She was the sister of one of my valued and dear friends. In 1985 no self-respecting, macho iron-head would be working out with “a girl.” But here’s the thing: I think this was a huge advantage. It prevented me from falling back into the macho-training trap of max bench presses, or worshipping how much I was lifting. It helped me stay focused on the aesthetics.
The artistic side of bodybuilding — bodybuilding as physique performance art, with its choreographed routines and so on — was the most appealing part of the sport to me. So, that year I decided to only do a “couples” competition with my training partner.
The local iron heads were full of commentary and advice about what a waste of time this would be. I remember one guy suggesting that maybe I was afraid of competing as an individual. They were wrong.
I loved the posing routines; I loved connecting with the audience; I loved the idea of taking bodybuilding beyond just a comparison of a few bodies. This gave me an advantage.
Most people pursuing bodybuilding back then were pretty conservative in their approach, at least when it came to posing routines and performance. There wasn’t a whole lot of creativity involved. When it came to posing routines, most bodybuilders stuck with the standard, safe songs.
That just wasn’t me! I wanted to think of it more as a performance art.
So, my partner and I spent a lot of time and a lot of work on our routine. We wanted to do something different—something that would be creative, provocative, and original.
In the end, we came out and performed a sultry and suggestive posing routine to Marvin Gaye’s “Sexual Healing.”
The audience loved it. Someone later approached me and said, “After your posing routine, half this audience can’t wait to get home and get busy!”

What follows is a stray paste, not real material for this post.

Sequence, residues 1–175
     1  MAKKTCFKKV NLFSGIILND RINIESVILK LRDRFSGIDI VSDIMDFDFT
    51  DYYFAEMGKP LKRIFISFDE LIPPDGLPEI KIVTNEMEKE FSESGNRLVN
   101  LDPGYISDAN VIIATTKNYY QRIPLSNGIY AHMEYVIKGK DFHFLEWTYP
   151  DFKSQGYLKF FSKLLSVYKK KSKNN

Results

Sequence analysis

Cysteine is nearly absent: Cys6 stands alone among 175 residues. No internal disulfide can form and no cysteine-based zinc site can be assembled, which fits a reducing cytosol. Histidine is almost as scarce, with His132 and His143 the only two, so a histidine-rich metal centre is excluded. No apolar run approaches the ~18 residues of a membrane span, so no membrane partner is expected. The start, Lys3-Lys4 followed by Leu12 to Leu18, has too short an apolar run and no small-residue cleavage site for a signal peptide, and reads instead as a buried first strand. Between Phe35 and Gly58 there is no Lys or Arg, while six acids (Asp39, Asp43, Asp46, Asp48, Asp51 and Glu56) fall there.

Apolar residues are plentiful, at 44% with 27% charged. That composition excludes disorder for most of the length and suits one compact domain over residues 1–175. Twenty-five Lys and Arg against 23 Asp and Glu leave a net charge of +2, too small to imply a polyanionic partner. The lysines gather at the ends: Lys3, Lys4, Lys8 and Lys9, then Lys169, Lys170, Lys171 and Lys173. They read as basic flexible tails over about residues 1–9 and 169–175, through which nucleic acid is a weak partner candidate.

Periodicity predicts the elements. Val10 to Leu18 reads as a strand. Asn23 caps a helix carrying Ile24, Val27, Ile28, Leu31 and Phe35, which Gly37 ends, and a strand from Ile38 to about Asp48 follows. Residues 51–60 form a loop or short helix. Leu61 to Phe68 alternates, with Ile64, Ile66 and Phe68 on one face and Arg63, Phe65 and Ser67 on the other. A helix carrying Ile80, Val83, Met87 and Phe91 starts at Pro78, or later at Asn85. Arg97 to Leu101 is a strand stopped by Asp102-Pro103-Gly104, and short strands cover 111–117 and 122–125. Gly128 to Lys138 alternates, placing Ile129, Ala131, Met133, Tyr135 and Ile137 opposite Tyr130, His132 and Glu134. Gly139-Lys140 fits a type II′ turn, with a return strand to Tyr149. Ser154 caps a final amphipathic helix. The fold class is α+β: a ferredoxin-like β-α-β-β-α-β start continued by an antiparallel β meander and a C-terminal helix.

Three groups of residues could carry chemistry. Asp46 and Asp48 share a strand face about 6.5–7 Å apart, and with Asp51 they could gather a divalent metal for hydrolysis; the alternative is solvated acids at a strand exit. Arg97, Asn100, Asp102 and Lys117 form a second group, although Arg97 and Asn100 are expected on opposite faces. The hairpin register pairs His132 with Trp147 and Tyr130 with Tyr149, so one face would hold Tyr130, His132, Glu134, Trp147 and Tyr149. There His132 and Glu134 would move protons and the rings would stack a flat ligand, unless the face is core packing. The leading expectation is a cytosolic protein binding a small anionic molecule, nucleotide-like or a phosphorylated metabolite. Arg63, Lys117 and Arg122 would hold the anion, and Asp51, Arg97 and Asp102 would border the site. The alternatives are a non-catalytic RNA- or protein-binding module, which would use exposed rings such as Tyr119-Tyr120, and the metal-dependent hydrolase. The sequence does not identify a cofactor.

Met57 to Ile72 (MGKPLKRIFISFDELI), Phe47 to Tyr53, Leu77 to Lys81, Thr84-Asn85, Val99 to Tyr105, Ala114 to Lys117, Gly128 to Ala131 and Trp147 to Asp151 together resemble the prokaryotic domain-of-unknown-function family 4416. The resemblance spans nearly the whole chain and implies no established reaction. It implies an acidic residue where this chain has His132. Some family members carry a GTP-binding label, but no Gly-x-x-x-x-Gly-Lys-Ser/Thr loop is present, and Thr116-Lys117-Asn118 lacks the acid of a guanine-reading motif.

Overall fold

With no figure competitions — and the explosion of participants that it led to — there was less of a pharmaceutical arms race among the competitors. My partner still looked feminine and athletic, but not “extreme.”
It was all still relatively clean and innocent, especially on the local level. But that was all about to change, at least for me.
By NOT focusing on competition, by focusing more on physique as a performance art, and by trying different training methods, I was coming into my own. It had no name, but I was really beginning to think about what would become my Innervation Training Methodology. Its principles were far from fluid or clear, but it was developing, alongside with my physique.
Things were taking shape. I’d made important distinctions about training. I’d dieted down in a much more intelligent way. I’d tried new things on stage.
I believe strongly in “learn by doing.” You can study principles and methods all you want, but the only way to become proficient at anything is by living in the trenches and actually doing it. And then, not only that, you have to take that next step and actually learn from what you’re doing.
Looking back, 1985 was when I began to truly appreciate this idea, and it served me extremely well in the year to follow: 1986.